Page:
It seems everyone these days wants us all to stay positive, to be proud of how far we’ve come and the great American experiment regardless of Bunsen Burner mishaps we may now be experiencing in our real-life lab. One voice that resonates is historian David McCullough’s with his new book, “The American Spirit: Who We Are and What We Stand For. ” Not really a book at all, the tome is a compilation of some of his short and sweet motivational speeches to various groups of people of all ages.
Chapter 3 on the Spirit of Jefferson is a speech he made before a group of immigrants becoming naturalized on July 4, 1994. In it, he broaches how “these truths” we now hold to be “self-evident,” from the Declaration of Independence were never evident at all anywhere in the world up until the time of the American revolution. And, that the real revelation from the Declaration comes a sentence later when Jefferson writes: “That to secure these rights [the unalienable rights of Life, Liberty and the Pursuit of Happiness]… Governments are instituted among Men, deriving their just powers from the consent of the governed…”
That, argues McCullough is the true genius of the document. “Never, never anywhere [sic],” he writes,’ “had there been a government instituted on the consent of the governed.”
This past weekend, my family spent time in the newly opened Museum of the American Revolution in Philadelphia. It is well worth the visit. Besides a great remembrance of all that went into the revolution, Washington’s true leadership, and the amazing David and Goliath story of our nation’s birth, the museum respectfully addresses slavery, women’s subrogation, and the ongoing issue of Native Americans. Little did I know, or ever consider, that many slaves sided with Britain and King George who promised them freedom, and most Native American tribes also sided with the British, who set up boundaries to separate colonists to secure Native Lands.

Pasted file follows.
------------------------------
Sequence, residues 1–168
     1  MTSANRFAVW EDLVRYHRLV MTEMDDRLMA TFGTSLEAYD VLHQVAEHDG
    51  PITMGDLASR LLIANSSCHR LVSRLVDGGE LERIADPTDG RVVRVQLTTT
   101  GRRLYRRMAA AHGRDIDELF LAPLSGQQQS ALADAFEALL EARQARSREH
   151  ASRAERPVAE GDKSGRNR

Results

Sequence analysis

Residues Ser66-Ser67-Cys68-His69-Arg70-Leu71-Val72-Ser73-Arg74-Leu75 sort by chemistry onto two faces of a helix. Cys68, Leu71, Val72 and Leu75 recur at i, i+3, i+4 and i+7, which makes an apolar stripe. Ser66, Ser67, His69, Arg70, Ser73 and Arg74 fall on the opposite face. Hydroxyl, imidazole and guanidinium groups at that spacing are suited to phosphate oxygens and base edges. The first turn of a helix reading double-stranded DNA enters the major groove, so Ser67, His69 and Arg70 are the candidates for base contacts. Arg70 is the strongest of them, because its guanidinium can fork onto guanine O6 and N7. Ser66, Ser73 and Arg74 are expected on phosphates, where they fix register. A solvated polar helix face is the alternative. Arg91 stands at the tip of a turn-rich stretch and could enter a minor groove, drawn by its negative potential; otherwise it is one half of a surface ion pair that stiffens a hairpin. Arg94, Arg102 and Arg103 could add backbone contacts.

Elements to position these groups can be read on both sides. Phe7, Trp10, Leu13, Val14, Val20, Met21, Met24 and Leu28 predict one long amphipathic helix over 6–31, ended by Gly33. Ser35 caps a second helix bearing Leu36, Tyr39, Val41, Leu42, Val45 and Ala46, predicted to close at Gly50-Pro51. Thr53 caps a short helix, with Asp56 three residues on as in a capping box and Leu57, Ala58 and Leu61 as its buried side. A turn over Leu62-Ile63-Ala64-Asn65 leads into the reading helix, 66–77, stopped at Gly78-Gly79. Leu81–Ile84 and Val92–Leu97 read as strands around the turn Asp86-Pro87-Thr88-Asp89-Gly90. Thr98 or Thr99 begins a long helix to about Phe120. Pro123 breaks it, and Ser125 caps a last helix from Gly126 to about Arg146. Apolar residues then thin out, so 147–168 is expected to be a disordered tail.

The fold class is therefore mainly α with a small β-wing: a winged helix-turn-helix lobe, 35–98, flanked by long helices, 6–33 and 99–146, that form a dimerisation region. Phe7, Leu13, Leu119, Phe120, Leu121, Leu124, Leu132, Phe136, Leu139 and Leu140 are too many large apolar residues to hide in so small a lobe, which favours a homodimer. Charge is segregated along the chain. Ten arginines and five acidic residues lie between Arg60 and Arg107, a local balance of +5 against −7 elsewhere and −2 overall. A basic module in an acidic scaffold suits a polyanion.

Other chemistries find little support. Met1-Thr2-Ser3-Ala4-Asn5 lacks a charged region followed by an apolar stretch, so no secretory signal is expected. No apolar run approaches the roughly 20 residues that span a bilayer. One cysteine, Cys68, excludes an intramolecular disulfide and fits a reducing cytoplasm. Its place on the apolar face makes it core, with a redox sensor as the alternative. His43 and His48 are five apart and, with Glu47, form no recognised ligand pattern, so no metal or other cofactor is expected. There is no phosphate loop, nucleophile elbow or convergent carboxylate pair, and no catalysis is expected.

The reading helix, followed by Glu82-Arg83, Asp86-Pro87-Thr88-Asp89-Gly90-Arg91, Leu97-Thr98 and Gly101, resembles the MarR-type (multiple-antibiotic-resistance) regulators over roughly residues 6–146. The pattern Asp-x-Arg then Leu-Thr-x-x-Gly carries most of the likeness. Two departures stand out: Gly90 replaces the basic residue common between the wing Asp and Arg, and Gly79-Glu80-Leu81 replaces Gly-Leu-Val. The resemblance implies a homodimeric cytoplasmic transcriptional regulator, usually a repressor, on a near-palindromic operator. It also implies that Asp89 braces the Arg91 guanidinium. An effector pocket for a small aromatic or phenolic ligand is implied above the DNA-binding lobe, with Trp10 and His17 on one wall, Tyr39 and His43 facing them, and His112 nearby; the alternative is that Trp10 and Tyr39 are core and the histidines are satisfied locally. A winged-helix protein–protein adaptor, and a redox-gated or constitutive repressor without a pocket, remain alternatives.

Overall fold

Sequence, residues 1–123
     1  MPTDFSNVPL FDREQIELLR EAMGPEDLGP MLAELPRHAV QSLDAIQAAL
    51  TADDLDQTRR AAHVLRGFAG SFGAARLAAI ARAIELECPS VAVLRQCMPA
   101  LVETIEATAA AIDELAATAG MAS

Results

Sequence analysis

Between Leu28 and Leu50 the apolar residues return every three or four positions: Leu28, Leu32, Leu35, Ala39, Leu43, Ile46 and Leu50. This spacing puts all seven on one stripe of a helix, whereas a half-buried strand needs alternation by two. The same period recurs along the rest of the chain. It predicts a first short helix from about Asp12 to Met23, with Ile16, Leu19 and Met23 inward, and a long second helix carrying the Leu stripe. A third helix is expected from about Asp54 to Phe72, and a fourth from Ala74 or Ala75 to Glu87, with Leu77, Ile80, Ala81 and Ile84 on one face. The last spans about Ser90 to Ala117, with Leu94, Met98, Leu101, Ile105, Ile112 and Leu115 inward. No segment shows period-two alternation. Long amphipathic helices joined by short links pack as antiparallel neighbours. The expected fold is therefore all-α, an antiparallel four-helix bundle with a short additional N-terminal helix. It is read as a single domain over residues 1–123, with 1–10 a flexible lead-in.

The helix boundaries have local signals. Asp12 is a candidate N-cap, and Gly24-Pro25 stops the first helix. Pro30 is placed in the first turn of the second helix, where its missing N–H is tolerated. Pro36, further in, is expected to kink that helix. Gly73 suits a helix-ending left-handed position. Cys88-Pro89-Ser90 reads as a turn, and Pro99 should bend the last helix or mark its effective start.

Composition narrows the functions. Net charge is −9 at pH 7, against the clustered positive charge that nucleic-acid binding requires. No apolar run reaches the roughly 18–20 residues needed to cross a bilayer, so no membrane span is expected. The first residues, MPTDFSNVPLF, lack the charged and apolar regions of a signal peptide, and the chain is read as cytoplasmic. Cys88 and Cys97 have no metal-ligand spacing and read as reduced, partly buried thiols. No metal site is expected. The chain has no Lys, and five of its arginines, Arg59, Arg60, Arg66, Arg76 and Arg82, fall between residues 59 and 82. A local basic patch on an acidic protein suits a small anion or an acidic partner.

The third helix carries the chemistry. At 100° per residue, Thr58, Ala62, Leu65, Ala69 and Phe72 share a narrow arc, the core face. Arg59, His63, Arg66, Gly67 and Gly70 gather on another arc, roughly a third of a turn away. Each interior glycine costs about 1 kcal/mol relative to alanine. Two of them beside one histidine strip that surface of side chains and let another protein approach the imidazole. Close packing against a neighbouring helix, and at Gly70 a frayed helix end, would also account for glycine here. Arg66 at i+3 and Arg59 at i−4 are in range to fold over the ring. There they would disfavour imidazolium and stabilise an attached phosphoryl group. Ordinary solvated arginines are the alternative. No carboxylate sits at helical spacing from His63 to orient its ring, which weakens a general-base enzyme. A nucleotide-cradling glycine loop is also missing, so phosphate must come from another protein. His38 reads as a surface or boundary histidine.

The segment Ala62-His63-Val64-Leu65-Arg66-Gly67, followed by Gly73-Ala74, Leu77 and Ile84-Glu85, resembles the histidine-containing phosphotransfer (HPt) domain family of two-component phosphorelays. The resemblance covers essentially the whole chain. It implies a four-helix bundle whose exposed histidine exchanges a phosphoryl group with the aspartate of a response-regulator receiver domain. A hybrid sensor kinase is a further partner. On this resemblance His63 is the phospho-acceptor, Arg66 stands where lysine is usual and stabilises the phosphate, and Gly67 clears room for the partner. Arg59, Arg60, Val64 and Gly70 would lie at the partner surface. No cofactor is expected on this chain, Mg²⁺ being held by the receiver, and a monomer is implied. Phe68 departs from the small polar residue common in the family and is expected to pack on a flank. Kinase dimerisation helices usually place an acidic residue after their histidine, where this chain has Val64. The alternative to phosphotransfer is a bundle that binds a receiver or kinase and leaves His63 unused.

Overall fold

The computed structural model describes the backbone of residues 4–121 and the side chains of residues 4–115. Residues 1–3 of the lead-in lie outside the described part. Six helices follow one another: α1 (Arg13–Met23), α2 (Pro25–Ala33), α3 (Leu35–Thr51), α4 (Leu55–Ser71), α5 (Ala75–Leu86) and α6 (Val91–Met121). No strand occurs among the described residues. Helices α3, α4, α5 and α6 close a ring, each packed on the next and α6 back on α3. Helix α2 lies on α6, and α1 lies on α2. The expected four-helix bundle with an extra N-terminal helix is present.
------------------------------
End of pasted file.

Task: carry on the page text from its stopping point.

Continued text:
Equally thought provoking were several areas dedicated to what the word “revolution” meant in colonial times. As one exhibit panel stated: “They [the revolutionaries] rejected monarchy as a form of government. Instead they fought for the right to rule themselves. They called their movement a ‘revolution.’ By this, they meant a new turn in history, a new way of looking at the world.”
The word revolution always felt uncomfortably close to anarchy to me, but, now, I’m softening to it. Perhaps it just means a new way to step up and take our turn at being involved and trying to make a difference. And now, Bernie Sander’s book title “Our Revolution” seems less incendiary as well.
If ever there was a time to visit Philadelphia, this can be it. It may not turn you into a cockeyed optimist, but it may turn you into a revolutionary. It’s truly not the worst thing that can happen and may just encourage you when it’s next your turn at bat.